February 7, 2022
On the most basic level, banking has always been about meeting human needs. Revenue is what makes it a commercial enterprise, but people are the reason banks exist—which is why banks’ entire business mission is built around acquiring, retaining and finding more ways to serve customers.
The only way to do that successfully is to know what customers need and care about. As more banks adopt a digital model, it’s easy to assume this will only get harder; that personal customer relationships will become obsolete as digital services take over.
But it’s actually the opposite. The unmatched amounts of data generated by digital banking touchpoints can tell banks more about their customers than they’ve ever known before. But to harness its value, banks need to stop looking at data as a byproduct of the business cycle—and start managing it as a business asset.
While many community banks and credit unions embrace this notion in theory, actually putting it into practice is a significant opportunity for the sector as a whole. To approach it more tangibly, banks who aspire to treat data as an asset should view it as an essential resource—much like how the manufacturing industry uses raw materials.
Consider the role of a raw material in a manufacturing context: it’s an asset that is sourced, harvested, refined, and used to produce a finished product. It needs to be measured and managed conscientiously, and it has material value that translates to benefit to the customer.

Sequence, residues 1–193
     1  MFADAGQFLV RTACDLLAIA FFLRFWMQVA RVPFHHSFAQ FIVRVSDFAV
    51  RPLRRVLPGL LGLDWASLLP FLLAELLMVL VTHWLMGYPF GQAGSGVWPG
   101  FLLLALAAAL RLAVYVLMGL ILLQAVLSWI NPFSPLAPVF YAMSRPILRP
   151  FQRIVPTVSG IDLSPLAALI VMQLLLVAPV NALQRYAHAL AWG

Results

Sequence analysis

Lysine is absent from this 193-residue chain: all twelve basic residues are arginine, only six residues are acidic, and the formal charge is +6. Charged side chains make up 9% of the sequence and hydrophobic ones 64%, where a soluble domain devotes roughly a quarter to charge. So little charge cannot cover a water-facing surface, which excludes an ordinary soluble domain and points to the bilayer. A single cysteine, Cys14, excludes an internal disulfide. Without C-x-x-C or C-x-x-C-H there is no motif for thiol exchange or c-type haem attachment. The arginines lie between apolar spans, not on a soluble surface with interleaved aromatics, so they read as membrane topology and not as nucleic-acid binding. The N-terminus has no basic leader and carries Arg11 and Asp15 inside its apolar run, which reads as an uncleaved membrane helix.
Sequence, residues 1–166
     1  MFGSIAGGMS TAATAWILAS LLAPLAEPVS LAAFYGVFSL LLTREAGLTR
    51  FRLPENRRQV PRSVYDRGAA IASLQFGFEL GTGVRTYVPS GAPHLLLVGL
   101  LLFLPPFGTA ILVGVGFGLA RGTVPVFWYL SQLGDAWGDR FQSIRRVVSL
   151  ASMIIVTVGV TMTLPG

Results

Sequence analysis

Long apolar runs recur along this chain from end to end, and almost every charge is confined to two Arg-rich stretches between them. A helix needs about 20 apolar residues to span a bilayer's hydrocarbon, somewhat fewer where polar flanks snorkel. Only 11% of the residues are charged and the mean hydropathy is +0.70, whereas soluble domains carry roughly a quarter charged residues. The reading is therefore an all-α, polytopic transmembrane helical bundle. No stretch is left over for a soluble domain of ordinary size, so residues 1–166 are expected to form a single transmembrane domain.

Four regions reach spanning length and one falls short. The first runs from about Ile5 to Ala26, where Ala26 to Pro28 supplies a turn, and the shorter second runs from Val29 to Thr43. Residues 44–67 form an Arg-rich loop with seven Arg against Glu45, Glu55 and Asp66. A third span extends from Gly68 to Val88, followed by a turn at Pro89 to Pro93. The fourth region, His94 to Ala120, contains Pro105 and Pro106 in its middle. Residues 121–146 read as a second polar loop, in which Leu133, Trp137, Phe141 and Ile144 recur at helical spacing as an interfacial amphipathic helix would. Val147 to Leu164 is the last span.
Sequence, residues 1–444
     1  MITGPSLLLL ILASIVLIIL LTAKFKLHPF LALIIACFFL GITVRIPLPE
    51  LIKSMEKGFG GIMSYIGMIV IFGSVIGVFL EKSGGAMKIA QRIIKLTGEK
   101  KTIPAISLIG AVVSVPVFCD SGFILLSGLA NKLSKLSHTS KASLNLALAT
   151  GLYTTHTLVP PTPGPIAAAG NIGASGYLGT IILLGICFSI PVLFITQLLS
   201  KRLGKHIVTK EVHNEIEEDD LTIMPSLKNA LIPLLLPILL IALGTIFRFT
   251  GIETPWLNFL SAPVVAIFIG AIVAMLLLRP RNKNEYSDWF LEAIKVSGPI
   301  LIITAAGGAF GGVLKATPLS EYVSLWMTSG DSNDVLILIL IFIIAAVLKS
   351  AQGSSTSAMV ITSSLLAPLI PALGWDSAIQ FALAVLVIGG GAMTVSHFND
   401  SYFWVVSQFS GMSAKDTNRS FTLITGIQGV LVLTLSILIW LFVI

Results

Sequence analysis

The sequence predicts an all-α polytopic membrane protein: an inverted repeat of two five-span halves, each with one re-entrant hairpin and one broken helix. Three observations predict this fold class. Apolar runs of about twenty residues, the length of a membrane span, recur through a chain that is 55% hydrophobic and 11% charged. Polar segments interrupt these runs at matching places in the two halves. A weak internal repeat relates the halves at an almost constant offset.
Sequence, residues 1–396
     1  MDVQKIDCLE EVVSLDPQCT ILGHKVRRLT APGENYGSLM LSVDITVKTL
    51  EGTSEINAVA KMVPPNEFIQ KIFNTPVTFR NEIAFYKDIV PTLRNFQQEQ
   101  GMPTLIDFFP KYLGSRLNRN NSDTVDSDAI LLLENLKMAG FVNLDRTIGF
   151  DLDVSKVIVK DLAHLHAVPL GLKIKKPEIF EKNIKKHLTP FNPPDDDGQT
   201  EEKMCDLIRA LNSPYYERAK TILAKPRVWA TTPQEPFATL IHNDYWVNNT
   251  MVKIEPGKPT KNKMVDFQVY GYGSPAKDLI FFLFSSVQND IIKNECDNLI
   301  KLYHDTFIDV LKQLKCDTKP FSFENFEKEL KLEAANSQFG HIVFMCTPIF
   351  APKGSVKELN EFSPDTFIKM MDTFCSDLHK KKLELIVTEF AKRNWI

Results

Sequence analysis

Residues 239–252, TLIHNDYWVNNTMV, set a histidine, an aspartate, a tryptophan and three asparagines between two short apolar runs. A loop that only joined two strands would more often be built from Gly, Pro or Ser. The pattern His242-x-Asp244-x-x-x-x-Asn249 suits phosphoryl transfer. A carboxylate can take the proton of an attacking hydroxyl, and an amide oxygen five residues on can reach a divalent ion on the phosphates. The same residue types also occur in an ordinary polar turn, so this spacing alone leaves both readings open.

In essence, data is a bank’s raw material. Only instead of manufactured goods, the finished product is a better banking experience—in the form of stronger security, enhanced product offerings, personalized customer service, higher efficiency, lower costs, and a wealth of other benefits to both the business and customer.
The “Data-First” banks who embrace this model will ultimately succeed in becoming customer-first banks who delight customers and succeed in the digital economy.
Because data has material value, it needs to be stewarded appropriately at every point in its use cycle. Data-First banks must create governance around their data to ensure it’s accessible and protected, but also usable and accurate. This means ensuring data is normalized and quality controlled so it can produce useful information that creates more business value.
Additionally, Data-First banks should have a way of meticulously tracking their data assets. Unlike in the manufacturing process, where each touchpoint enhances the value of the raw material toward a final product, banking data can either gain or lose value whenever it’s touched. Each time a data asset is handled– even if it’s used to derive value—there’s a potential for its quality or security to be compromised. For this reason, just like any other valuable asset that changes hands, data should be subject to a well-documented chain of custody.
A bank’s failure to properly manage its data assets can lead to misguided business intelligence, as well as fragmented and inaccurate customer experiences. In turn, this could cause banks to lose customers’ trust—and ultimately, to lose the customers themselves.
If banks don’t give data a strategic priority in their business, they face massive opportunity costs in acquiring, retaining and expanding relationships with their customers. To truly succeed as a human-centric business in a digital economy, banks need to change the role of data in their organization. This means no longer treating data as merely a business output—but stewarding it as a precious asset with meaningful and measurable business value.
Continue reading our next blog in this series – Milestones to Meet on Your Data First Journey.